Last Thoughts on the Monochrome Challenge

Fresh work

My last thoughts on the monochrone challenge are that it was fun! I produced a lovely series of small paintings that I am pleased with as examples of fresh, spontaneous abstract work.

What else came out of the experience? Well, it was a bit of a distraction over the summer. The challenge is an example of how I sometimes have a bright idea that I go full stream ahead with filled with enthusiasm, without fully thinking about how it might feel to carry it out. This process is something that shows up for me in life every now and then. It is something I am learning not to do. As August is generally my month off the challenge was a work project that felt like it interrupted really important leisure and down time. The challenge itself was great, the timing was not so good. Something to note and remember for my next project.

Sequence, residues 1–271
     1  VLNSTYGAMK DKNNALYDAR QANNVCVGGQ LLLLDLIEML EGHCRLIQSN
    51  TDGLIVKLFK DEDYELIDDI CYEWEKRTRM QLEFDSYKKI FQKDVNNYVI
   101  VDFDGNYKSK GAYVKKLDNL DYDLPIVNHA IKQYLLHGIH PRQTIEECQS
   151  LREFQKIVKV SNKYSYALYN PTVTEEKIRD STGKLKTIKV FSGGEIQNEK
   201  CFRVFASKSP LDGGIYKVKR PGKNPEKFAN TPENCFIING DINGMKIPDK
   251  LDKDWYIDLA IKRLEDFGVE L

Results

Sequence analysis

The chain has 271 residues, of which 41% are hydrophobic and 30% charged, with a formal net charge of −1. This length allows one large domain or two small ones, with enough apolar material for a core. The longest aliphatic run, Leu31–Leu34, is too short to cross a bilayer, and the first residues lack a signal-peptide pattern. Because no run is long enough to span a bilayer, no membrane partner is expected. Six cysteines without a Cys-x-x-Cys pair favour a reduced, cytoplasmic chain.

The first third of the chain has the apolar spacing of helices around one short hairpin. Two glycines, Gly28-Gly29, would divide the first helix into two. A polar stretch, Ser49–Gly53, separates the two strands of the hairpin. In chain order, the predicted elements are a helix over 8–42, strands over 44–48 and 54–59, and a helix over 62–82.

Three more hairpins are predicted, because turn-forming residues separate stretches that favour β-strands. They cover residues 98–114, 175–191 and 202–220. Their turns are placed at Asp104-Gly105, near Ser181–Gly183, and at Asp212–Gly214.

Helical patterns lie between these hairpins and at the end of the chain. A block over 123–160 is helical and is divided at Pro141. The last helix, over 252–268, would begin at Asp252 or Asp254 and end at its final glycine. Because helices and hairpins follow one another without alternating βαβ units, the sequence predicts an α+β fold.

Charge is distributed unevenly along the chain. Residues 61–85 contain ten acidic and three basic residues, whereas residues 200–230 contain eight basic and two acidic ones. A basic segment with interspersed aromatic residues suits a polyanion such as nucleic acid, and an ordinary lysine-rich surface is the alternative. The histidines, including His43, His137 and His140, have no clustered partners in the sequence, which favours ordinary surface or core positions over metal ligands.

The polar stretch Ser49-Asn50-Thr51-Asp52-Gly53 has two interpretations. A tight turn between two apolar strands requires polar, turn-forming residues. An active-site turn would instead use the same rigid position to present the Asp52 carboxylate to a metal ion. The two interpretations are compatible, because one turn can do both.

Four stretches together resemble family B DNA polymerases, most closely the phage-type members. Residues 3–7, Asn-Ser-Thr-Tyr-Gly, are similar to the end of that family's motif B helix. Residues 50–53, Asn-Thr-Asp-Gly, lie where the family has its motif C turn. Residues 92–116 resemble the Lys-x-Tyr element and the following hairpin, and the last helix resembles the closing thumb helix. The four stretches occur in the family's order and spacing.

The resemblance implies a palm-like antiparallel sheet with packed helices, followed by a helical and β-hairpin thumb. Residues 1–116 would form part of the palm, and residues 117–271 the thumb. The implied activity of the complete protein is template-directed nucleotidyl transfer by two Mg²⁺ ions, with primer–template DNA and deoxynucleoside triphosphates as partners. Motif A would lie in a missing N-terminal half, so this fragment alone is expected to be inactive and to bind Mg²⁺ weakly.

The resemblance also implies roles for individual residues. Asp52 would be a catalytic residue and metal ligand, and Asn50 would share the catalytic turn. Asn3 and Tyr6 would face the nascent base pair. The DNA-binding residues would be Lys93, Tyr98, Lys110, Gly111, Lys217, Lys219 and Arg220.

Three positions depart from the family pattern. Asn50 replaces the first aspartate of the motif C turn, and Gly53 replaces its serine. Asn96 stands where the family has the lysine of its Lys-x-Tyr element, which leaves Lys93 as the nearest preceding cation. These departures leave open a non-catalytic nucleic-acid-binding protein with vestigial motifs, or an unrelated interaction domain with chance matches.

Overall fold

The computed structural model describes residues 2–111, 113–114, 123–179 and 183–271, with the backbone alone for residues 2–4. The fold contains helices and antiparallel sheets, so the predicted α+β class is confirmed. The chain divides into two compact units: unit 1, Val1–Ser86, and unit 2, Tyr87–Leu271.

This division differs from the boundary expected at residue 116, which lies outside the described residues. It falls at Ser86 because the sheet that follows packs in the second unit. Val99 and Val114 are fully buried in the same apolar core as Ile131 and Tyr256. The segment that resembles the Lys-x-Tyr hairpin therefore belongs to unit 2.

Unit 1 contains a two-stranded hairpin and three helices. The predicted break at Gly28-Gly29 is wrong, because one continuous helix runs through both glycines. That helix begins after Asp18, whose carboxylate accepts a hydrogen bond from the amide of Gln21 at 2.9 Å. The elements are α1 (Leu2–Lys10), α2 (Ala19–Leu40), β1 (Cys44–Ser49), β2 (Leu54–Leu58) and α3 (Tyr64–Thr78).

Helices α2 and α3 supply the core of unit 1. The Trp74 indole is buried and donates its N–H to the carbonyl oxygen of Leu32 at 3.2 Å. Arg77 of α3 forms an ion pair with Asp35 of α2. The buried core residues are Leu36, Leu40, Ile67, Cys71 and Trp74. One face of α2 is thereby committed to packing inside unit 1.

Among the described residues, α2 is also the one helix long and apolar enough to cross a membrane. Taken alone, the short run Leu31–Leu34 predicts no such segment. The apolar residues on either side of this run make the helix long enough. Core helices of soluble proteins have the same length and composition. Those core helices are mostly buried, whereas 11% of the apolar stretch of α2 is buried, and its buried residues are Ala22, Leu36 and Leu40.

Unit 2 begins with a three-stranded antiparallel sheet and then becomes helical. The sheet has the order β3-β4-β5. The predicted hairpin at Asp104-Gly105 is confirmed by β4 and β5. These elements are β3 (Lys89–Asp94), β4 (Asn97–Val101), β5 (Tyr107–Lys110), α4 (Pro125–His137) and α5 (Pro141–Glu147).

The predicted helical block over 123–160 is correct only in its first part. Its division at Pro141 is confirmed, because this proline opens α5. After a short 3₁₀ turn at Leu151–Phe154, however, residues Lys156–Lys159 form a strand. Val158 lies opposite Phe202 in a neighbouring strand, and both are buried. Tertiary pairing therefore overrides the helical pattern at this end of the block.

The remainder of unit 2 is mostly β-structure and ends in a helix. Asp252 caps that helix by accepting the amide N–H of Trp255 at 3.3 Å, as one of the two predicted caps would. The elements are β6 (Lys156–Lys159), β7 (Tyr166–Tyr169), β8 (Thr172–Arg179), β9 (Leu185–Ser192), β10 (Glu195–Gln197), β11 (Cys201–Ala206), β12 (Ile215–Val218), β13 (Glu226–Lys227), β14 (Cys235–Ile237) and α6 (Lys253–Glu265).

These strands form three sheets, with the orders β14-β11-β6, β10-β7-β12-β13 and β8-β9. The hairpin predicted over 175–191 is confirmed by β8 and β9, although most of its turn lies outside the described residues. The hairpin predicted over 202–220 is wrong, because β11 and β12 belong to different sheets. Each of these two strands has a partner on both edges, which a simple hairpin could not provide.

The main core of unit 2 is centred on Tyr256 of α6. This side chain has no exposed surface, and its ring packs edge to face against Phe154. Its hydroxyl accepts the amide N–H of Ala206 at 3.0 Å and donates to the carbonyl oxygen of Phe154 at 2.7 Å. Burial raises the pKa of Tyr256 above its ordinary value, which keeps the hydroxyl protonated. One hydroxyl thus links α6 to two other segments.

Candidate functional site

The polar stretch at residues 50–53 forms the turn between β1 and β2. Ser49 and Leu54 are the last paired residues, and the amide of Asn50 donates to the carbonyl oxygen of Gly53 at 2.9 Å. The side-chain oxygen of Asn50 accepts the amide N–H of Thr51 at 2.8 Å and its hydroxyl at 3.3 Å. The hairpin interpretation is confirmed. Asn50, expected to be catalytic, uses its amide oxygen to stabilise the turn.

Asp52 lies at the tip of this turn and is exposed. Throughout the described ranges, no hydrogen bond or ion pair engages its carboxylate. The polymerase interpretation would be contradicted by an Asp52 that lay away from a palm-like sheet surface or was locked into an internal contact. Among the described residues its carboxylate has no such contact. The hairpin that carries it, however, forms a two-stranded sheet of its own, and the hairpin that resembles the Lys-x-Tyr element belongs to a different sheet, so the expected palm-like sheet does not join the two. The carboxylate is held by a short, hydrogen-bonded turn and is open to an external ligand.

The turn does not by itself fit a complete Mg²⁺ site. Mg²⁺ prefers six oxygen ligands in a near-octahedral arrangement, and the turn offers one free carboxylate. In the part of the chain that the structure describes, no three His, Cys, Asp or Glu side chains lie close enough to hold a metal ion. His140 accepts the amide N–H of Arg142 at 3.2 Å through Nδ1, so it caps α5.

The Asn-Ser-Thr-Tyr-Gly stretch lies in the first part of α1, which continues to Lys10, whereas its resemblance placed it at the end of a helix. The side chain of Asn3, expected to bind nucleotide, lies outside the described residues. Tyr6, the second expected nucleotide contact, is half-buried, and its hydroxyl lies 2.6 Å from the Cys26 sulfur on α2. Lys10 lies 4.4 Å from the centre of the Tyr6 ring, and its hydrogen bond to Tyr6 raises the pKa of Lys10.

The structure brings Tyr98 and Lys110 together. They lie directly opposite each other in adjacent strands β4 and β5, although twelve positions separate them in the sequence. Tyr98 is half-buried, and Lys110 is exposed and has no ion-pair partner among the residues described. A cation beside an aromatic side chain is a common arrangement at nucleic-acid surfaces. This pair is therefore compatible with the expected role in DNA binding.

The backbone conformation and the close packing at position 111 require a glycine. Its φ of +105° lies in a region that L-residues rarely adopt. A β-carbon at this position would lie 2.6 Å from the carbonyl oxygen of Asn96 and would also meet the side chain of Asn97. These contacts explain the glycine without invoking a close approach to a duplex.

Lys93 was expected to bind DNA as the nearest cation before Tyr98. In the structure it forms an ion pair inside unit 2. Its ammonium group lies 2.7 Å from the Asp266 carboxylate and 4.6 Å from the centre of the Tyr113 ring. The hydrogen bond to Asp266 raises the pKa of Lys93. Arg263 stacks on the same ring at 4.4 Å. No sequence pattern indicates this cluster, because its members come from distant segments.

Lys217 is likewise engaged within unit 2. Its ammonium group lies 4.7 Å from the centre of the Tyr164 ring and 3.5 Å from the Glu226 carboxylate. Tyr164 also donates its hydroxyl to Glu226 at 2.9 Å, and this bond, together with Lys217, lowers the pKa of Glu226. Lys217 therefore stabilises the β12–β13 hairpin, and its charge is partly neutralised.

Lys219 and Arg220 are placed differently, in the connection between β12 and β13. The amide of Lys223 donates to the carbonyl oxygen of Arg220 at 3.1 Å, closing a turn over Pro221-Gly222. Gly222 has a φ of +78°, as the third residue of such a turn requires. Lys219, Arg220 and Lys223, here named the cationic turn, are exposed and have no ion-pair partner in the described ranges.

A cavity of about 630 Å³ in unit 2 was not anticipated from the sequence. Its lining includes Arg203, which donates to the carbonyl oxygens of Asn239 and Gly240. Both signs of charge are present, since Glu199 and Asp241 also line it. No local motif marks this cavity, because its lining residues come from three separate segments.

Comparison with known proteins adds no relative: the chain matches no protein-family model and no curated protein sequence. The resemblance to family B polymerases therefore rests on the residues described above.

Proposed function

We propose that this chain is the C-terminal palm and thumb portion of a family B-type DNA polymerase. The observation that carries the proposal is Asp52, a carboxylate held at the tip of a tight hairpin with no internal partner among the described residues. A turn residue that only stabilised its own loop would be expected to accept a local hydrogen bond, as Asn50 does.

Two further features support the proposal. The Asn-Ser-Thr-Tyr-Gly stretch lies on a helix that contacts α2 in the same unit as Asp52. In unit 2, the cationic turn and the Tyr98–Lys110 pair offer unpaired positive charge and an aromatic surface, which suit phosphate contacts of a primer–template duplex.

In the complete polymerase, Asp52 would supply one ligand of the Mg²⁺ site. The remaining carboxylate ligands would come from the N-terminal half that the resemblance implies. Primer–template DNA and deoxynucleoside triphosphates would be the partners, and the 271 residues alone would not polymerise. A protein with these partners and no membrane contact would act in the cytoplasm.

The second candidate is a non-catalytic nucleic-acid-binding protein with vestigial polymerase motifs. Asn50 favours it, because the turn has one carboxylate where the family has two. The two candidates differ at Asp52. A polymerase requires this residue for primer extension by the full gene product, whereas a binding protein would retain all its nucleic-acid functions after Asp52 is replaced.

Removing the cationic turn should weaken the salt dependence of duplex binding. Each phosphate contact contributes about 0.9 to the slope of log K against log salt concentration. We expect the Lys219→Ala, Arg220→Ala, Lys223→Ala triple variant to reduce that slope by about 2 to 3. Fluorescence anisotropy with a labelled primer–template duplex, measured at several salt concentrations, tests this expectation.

What else did I notice? About the work itself, rather than process. There were a lot of very simple compositions. I find that I want to take some of the simplicity of the forms and transfer this kind of idea across to my larger work. This is definitely a direction in which I am heading and noticing this happening in some of my larger paintings.

I also noticed that I began to use some simple patterns in some of the pieces. This is something I have wanted to explore for a while and which I am delighted to see show up in my work. I’m in the process of developing some ideas on how I’m going to do this with more focus and direction. My intention is that it will be a sketchbook project that I will work on over the next few months. Expect to see posts on Instagram and Facebook of the work as it happens.